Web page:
This columnist was recently invited to speak at the “Tales of the Cumberlands” conference at Breaks Interstate Park.
This park is jointly administered by the governments of Kentucky and Virginia and occupies 4,500 acres of wild, mountainous, forested land split among Pike County in Kentucky, and Dickenson and Buchanan Counties in Virginia.
Camping, biking, hiking, horseback riding, boating and white water rafting and kayaking are among the many activities visitors can enjoy at the Breaks.
Families can stay in tents, cabins or cottages, and full hotel facilities are available in six park lodges.
This columnist and his wife stayed in the Catawba Lodge in a room with a fantastic view of the “grand canyon of the south,” created where the Russell Fork of the Big Sandy River “breaks” through Pine Mountain on its way north to the Ohio River. The restaurant in the conference center has a similar view.
It is said that the Breaks received its name in 1767 from Daniel Boone as he searched for a way from Virginia into Kentucky and the Ohio River Valley.
The conference is billed as a story telling event, with this being the fourth year in a row that it has taken place. Its focus is on history and folk tales from the Virginia-Kentucky border region of Appalachia from the early settlement days to the mid 20th century, with plenty of legend and music sprinkled in.
There were presentations on such topics as the 1926 shoot-out between a whisky drinking sheriff and a Prohibition inspector in front of the Dickenson County Courthouse; life as a child growing up in a coal camp; Daniel Boone’s explorations of Kentucky; the Baldwin-Felts detective agency of the coalfields; and the counterfeiter and moonshiner “Brandy Jack” Mullins.
This columnist spoke about the sixteenth century intrusion by Spanish conquistadors into Appalachia and their encounter with the Yuchi Indians they found there. His informal approach and his many maps and images were well received.
Austin Bradley, the superintendent of the Breaks Interstate Park, gave an engaging, extemporaneous talk about his law enforcement experiences there, in a place where isolation and rugged terrain sometimes bring illegal activities.
Bradley told the story of stumbling on a cache of moonshine liquor while searching for a small boy who had wandered off from his family in a remote area of the park. Fortunately, the boy was found, and a motion sensitive camera was set up to monitor the moonshine cache. A few days later, the camera recorded the recovery of the cache by a man who was conveniently for law enforcement wearing his work clothing with a nametag on it.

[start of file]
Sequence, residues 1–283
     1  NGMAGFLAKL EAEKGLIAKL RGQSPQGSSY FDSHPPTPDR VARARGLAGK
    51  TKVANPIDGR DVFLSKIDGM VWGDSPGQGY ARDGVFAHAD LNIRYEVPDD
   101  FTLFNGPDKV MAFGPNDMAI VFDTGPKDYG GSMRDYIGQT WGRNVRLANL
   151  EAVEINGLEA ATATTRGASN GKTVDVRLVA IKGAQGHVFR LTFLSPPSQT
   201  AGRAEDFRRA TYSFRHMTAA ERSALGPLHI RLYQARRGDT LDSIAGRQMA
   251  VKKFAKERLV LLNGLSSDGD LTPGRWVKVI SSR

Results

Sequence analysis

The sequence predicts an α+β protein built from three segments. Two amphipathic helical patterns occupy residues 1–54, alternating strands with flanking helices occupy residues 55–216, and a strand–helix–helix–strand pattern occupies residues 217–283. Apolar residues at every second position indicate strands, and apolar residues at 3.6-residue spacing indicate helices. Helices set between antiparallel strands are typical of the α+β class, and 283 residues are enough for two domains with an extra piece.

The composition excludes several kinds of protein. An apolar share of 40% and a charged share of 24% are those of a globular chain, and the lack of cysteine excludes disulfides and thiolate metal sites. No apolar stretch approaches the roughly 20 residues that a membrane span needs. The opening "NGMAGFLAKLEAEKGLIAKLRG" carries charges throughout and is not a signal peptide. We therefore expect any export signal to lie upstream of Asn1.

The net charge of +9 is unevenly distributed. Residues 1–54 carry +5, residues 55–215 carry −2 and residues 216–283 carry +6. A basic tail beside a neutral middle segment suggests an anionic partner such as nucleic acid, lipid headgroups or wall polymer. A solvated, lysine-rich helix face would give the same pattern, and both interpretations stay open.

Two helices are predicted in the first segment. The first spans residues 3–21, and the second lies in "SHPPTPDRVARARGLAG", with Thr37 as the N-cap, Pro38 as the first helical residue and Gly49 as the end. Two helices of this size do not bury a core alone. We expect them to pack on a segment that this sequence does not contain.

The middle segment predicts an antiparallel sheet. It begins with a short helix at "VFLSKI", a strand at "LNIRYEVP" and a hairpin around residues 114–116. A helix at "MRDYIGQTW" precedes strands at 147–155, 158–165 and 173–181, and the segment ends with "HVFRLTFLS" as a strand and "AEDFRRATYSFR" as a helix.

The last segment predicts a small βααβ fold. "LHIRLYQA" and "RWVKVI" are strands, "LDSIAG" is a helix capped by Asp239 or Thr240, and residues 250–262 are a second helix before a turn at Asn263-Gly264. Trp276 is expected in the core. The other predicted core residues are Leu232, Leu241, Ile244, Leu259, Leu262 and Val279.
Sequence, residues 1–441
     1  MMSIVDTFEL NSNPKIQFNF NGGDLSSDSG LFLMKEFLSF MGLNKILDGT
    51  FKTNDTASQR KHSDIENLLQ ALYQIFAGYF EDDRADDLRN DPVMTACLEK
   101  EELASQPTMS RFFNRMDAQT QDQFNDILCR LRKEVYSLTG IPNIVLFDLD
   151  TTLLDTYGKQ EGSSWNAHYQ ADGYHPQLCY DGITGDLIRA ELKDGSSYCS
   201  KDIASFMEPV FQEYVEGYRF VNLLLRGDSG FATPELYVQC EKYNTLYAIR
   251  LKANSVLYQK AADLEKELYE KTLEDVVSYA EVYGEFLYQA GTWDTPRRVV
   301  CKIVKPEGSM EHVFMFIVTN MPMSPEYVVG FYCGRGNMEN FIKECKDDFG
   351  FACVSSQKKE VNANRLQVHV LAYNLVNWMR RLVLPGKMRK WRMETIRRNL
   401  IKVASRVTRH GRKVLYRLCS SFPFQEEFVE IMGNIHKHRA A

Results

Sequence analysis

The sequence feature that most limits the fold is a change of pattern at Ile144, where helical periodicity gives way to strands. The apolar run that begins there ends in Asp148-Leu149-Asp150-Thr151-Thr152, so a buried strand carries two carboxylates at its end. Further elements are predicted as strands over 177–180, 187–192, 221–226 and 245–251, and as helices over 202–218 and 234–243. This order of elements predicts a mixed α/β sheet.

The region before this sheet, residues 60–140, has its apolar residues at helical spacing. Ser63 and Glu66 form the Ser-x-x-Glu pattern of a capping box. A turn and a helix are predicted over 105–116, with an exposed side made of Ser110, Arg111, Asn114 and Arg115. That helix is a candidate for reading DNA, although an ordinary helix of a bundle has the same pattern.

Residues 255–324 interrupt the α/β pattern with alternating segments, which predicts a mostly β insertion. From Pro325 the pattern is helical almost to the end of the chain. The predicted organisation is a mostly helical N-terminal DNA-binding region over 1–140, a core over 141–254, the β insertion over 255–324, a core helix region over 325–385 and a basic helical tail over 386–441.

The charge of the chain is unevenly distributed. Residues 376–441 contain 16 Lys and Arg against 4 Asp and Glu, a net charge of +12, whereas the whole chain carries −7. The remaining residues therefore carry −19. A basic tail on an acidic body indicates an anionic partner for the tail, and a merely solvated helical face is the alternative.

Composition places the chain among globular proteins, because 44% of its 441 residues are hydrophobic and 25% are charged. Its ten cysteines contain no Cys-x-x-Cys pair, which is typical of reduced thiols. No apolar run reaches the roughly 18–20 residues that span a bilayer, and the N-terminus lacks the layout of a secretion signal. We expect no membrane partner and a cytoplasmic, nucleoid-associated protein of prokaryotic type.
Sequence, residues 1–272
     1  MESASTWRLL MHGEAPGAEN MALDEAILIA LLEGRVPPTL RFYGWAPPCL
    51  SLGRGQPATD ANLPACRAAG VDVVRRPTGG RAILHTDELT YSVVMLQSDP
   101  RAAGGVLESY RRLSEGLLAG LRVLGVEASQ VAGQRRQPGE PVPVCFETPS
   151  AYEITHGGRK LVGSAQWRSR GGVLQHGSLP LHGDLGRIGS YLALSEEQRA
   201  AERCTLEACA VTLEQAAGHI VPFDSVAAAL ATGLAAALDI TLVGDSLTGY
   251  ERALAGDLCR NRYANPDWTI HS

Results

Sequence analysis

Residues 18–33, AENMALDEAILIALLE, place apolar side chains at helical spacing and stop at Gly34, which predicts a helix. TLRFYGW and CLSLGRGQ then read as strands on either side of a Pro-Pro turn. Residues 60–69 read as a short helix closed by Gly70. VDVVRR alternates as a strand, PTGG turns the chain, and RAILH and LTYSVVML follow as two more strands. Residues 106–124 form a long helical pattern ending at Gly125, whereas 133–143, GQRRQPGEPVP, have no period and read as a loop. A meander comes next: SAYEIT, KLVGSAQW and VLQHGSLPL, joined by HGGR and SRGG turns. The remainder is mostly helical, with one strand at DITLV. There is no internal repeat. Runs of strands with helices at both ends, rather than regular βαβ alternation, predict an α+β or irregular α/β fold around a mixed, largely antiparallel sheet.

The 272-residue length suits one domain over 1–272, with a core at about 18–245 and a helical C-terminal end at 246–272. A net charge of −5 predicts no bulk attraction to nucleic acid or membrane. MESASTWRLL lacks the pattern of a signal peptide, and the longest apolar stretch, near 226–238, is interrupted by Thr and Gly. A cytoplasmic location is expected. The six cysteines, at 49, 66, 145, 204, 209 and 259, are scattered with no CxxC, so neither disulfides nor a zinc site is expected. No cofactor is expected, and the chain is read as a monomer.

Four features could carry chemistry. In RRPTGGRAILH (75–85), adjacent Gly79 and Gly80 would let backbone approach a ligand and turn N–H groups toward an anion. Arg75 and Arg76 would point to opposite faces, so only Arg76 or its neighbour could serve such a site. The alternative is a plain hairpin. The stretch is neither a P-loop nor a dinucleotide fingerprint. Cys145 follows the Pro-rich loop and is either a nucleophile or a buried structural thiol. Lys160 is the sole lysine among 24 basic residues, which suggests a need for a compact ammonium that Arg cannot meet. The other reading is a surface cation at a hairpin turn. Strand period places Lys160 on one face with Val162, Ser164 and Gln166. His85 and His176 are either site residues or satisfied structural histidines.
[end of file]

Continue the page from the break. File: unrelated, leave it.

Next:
Visitors sometimes ask why it is called an Interstate Park when it is many miles away from any interstate highway. It is constitutionally so-called.
Article 1 Section 10 of the US Constitution defines the “Powers Prohibited of States” and begins by stating that “No State shall enter into any Treaty, Alliance, or Confederation.”
Efforts to turn the Breaks into a national park in the 1940s failed because of its remoteness and because the Clinchfield Railroad runs through the middle of it.
After World War II a movement by local activists determined that the best way to create a park would be to get an Act of Congress allowing Kentucky and Virginia to jointly administer a park as a special exception to the Constitution. The Act was passed in 1954 without opposition.
The only other interstate park in the US is the Palisades Interstate Parkway that opened in 1958 and runs for 38 miles along the western edge of the Hudson River above the high cliffs that constitute the palisades.
In 1915 George Carter of the Clinchfield Railroad opened up access to the beauty of the Breaks region and the gorge by completing a 35-mile railroad link from Elkhorn City, Kentucky, to Trammel, Virginia.
This link descended 1,600 feet into the gorge with a 1.5% grade cut through Pine Mountain and a 7,854-foot tunnel through Sandy Ridge Mountain just north of Dante, Virginia.
The Clinchfield Railroad was perhaps the most expensive rail link ever constructed across the Appalachian mountains, but it has paid off handsomely over the years by carrying coal from eastern Kentucky to South Carolina. Today, the link is owned and operated by the CSX Railroad.
Unlike other state parks in Kentucky and Virginia, the Breaks receives relatively little state funding.
It is supported mostly by visitors’ fees with assistance from the nonprofit “Friends of Breaks Park,” which produced a documentary video about the park earlier this year.
This columnist greatly enjoyed his Breaks experience, highly recommends the park, and hopes to get invited again to “Tales of the Cumberlands.”
Jim Glanville is a retired chemist living in Blacksburg. He has been publishing and lecturing for more than a decade about the history of southwest Virginia.